union which Christ prays may subsist among his disciples? It is plain that he cannot be understood to refer to that ineffable union which subsits between himself and the Father, as two of the persons in the Trinity, because, of this union his creatures are not capable; but he must be understood as speaking of a union which may be predicated of mankind; and as praying for a union among his people in all those respects in which men can be bound together in the same sense that he and the Father are united. Men are capable of a union in feeling, in counsel, in action, and in name; and if Jesus and his Father are in these respects one, his disciples, if there be any meaning in words, are bound to be, also, one in the same sense. For the Saviour says in the twenty second verse, "And the glory which thou gavest me I have given them; that they may be one, even as we are one.” There cannot, then, be a doubt that he intended to pray for, and inculcate upon his disciples, a union of the same kind and nature in all respects, as that which subsists between him and his Father, with the single exception above mentioned, arising from the subject matter. In what sense, then, were the Saviour and his Father one. Independently of their mysterious union above alluded to, they were one in feeling, in counsel, in action, and in name. They are united together in the feeling of love one to another. So must his children be. But so they cannot be when divided into distinct denominations; for not only do such divisions spring from the want of that degree of mutual love and forbearance necessary to hold them together in the bond of union, but they tend to weaken and destroy what of the principle of love may be remaining, and produce the contrary affec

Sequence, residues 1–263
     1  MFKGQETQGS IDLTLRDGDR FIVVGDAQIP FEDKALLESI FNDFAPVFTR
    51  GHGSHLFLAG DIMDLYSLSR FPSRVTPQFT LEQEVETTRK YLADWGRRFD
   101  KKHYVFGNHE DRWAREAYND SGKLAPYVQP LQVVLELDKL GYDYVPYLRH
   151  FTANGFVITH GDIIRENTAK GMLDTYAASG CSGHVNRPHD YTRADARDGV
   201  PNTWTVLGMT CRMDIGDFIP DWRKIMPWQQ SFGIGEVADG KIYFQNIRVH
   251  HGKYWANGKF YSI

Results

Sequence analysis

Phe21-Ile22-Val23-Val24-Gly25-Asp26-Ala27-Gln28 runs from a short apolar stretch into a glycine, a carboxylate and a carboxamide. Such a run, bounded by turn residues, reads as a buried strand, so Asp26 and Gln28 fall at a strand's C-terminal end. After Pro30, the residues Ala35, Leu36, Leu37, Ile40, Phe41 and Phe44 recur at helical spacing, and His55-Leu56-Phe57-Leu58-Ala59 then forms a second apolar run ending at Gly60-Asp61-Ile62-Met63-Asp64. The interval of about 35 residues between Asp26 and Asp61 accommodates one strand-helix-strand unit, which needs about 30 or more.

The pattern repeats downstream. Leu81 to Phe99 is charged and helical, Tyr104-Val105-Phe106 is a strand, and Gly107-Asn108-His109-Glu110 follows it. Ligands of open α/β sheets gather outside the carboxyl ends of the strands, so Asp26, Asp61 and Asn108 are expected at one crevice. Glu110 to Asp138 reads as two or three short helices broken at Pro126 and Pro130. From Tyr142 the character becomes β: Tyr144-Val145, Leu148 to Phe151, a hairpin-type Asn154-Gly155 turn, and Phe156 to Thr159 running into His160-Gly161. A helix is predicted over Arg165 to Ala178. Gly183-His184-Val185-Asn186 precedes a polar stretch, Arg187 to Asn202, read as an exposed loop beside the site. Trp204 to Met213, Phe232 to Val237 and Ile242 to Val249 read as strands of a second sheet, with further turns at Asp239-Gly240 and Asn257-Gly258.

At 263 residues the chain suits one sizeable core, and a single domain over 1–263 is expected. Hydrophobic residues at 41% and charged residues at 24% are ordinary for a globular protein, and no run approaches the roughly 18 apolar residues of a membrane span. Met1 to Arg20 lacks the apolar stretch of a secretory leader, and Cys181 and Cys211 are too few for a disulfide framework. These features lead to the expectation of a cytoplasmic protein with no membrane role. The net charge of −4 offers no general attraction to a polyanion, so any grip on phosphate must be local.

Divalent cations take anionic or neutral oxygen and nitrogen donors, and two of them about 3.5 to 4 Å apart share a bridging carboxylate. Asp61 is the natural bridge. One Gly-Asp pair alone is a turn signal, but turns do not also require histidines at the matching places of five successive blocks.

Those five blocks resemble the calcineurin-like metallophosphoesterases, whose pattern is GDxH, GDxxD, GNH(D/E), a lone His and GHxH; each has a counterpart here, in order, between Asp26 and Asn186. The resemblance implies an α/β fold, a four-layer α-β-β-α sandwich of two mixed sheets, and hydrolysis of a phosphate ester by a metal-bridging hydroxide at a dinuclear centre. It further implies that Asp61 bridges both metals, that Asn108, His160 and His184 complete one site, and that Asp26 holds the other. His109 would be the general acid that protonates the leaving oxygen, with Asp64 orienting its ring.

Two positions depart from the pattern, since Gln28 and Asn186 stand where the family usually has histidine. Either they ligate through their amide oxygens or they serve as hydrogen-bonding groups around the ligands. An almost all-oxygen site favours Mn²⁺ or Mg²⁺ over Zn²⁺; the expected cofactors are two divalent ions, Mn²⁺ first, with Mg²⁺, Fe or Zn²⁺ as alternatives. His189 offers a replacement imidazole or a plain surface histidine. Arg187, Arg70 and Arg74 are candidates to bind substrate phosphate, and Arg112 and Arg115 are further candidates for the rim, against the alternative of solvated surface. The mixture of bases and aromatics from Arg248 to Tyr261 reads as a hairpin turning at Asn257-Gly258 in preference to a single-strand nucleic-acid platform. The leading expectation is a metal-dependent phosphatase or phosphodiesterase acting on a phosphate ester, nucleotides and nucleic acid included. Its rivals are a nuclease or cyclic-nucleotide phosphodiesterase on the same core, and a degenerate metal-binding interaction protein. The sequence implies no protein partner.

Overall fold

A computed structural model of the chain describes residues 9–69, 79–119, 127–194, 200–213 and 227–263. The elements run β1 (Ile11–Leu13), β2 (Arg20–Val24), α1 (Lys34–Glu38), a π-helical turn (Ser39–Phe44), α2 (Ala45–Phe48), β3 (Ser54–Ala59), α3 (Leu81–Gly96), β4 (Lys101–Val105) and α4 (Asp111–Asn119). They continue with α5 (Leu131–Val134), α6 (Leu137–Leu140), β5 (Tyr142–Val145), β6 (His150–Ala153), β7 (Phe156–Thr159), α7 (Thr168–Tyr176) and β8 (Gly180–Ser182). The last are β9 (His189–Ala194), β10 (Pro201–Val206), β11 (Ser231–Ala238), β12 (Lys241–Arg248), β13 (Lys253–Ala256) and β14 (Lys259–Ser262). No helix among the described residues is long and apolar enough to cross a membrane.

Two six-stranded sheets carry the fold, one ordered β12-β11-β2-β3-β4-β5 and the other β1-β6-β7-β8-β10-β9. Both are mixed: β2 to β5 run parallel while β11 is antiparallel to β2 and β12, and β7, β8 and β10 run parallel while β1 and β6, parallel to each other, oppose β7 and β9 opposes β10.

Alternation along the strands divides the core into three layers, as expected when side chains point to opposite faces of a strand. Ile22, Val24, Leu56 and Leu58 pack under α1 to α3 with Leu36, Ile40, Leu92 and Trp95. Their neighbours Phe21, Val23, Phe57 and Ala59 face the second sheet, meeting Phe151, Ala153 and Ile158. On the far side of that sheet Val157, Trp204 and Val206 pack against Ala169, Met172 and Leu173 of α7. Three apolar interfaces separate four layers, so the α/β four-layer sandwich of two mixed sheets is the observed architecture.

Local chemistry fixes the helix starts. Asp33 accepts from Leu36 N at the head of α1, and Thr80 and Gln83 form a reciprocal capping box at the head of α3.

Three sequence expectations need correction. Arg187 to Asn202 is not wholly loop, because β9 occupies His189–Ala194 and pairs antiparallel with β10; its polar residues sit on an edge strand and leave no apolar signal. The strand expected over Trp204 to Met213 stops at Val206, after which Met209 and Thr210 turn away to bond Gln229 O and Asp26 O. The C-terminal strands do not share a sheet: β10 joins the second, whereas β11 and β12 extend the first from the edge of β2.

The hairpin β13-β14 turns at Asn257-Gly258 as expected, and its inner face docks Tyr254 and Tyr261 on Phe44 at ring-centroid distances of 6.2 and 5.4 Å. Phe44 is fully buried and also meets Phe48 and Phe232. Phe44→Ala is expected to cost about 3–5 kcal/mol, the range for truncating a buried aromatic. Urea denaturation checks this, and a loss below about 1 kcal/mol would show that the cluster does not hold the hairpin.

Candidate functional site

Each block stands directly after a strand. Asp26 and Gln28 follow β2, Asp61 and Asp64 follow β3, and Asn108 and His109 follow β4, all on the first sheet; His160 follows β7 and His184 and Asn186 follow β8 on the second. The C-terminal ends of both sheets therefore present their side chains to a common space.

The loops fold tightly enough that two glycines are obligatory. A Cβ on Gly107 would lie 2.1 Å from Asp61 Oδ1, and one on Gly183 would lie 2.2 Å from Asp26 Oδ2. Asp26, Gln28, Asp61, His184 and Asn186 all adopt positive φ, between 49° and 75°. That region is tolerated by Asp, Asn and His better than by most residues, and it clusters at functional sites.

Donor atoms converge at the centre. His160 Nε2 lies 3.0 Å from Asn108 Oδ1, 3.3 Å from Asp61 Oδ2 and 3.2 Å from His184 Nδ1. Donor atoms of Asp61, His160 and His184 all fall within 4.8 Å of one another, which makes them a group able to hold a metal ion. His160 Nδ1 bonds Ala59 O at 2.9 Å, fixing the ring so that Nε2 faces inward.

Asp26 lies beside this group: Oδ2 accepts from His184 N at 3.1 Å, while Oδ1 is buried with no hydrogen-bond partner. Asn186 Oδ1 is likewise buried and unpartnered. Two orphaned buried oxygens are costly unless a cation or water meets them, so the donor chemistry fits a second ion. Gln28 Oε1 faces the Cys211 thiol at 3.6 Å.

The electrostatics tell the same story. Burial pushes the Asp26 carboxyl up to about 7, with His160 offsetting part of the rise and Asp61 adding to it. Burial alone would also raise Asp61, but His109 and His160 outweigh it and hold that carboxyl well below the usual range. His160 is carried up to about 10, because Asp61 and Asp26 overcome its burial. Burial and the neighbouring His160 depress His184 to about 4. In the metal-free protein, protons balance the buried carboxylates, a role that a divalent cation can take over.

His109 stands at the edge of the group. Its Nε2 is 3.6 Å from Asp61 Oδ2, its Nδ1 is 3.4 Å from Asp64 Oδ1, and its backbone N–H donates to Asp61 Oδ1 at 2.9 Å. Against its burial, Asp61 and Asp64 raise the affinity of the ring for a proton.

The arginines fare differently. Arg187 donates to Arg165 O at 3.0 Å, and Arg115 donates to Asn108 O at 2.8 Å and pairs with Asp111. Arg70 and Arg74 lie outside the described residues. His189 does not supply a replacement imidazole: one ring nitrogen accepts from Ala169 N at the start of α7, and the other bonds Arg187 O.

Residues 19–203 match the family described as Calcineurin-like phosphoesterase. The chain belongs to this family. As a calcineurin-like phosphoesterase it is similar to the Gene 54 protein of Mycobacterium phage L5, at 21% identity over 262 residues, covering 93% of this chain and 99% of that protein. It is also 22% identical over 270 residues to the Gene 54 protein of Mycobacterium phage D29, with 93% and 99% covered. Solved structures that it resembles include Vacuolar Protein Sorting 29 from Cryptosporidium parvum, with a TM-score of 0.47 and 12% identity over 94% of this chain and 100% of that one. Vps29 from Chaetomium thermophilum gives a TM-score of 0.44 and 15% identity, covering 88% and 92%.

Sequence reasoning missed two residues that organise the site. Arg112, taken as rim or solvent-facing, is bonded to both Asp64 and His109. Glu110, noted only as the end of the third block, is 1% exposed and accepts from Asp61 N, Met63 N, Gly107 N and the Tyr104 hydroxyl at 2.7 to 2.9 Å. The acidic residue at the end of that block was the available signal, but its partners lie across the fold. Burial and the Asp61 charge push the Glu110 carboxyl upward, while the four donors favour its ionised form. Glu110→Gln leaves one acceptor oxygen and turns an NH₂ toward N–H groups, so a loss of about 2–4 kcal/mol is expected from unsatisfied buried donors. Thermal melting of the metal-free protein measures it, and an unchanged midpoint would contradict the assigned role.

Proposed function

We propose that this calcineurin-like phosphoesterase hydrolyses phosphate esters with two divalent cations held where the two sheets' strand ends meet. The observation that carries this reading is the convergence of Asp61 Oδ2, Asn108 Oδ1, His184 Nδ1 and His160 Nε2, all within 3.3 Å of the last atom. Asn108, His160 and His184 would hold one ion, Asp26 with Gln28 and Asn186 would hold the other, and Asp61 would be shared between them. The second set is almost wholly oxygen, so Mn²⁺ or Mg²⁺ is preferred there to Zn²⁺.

tions of opposition or indifference, alienation of heart and hatred.

Jesus Christ and his Father are one in counsel, there being no discord or contrariety in their plans. So it ought to be with those who believe in the Saviour. They should speak the same thing and be perfectly joined together in the same mind and in the same judgement. 1 Cor. i. 10. But this cannot be predicated of believers belonging to opposing sects. Their counsels and their plans are not in unison; and the very reason why they have separated is, that they could not hold counsel together, because of their various views and feelings.